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News article created on 22 August 2017

The Whizzy Stick

One of our water engineers, Mike Wheeler, tells us about using GPS equipment to help manage our precious water.

Mike Wheeler using the GPS equipment Mike Wheeler using the GPS equipment.

The canals are around 200 years old, but the technology we use to manage the water in them is ‘state of the art’.

Much of the waterways are monitored by computer technology known as SCADA (because Supervisory Control And Data Acquisition is a bit of a mouthful!). We use the SCADA to measure water level. When we know what the water levels are, and when we know how much water is moving around and where, we can calculate water budgets, plan for shortages or react to flooding. We can also use it to remotely operate the many automatic sluices, adjustable weirs and pumping stations around the country. It can send out alerts to telephones or pagers when something goes wrong. In this way, we maintain the water levels in the canals for safe navigation. 

But to do all of this well, the equipment must be accurate. Part of my job is to make sure it is accurate. I have been trialling some Global Positioning Satellite (GPS) surveying equipment to get that accuracy. I call it the Whizzy Stick because nobody that I can find has told me a concise, meaningful name for it – perhaps you know better?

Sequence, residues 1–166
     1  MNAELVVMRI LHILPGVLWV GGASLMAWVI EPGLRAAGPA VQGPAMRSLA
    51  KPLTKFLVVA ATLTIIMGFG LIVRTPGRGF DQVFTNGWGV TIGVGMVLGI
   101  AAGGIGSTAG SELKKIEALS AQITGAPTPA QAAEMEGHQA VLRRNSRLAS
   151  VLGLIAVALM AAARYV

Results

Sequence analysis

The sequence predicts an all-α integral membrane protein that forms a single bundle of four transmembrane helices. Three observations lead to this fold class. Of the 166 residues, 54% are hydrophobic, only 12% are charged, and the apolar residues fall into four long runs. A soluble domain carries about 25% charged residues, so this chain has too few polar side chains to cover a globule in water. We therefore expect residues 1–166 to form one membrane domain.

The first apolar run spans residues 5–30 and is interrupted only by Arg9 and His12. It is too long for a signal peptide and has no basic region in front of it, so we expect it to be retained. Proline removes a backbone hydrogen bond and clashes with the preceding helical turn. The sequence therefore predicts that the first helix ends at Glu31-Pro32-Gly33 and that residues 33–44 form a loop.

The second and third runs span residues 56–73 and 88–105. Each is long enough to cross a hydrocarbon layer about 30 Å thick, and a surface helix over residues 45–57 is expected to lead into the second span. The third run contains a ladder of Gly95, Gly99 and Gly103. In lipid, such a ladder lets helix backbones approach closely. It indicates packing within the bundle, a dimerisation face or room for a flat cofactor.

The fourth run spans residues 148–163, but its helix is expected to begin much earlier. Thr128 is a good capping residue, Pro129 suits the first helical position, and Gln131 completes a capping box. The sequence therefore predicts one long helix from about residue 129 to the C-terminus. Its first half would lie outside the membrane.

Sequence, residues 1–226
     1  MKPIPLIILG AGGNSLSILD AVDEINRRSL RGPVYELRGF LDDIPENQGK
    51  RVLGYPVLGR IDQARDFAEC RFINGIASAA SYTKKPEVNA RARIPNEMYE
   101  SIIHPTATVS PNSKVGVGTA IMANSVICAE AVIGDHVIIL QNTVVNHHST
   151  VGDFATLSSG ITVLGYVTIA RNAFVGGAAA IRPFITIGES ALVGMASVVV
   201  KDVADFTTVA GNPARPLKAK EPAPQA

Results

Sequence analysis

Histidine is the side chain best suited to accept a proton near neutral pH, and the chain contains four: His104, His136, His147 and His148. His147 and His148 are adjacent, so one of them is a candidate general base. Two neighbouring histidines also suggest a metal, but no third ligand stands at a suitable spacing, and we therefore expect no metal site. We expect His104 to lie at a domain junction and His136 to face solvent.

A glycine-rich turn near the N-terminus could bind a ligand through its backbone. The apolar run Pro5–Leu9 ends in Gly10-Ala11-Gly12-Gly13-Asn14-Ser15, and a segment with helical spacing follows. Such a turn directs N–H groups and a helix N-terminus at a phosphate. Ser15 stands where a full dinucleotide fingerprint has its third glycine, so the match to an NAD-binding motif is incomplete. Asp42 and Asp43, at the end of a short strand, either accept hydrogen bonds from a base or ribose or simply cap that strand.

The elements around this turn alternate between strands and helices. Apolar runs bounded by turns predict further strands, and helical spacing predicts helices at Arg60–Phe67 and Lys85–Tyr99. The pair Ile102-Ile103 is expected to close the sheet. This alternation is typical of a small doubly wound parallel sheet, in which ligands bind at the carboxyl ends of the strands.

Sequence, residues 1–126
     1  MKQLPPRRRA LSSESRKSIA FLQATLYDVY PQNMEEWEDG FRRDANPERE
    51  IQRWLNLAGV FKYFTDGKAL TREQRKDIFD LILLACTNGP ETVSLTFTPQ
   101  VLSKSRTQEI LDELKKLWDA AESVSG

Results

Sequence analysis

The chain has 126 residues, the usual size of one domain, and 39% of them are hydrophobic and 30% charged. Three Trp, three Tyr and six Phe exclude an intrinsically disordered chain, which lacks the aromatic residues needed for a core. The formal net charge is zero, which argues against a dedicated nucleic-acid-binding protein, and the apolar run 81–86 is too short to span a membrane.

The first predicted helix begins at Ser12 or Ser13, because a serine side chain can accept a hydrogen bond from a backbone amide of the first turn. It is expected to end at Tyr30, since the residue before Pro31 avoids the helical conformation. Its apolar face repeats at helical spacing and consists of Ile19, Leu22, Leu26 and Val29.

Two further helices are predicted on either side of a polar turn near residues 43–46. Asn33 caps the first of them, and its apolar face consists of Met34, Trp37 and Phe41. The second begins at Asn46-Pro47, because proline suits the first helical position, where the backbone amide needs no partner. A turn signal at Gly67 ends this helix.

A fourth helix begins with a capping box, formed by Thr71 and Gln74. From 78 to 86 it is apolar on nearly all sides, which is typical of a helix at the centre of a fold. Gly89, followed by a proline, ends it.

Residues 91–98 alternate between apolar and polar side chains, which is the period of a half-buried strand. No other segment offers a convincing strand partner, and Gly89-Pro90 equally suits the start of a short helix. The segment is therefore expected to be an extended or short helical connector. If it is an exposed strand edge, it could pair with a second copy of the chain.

This is how the SCADA works

A pressure transducer, or level sensor, is fixed to a point under the water. As the water level rises or falls, the water pressure on the sensor changes. That pressure change is converted to a change in water level height in millimetres. Every canal pound has a nominal water level, and it is most often the height of a weir crest. So, we want to maintain the water level at close to the height of the weir crest. If I know the height of the weir crest, and I know the relative height of a fixed point next to our level sensor, and if I then measure the distance from that fixed point to the surface of the water, I can calculate where the water level is at the weir; either so many millimetres going over it to waste, or so many millimetres below and we want more water. The SCADA tells us the height of the water in relation to the weir crest. You can see that for the SCADA to be accurate I must know with accuracy the difference in height between the weir crest and my fixed point at the level sensor. 

When the weir is close by this is easy; I can just use old fashioned surveying kit that has not changed much since Roman times – and we know how good they were at building flat, straight roads. But when the weir is a long way off it is much harder to do. The Whizzy Stick may be the answer.

GPS Leica GS08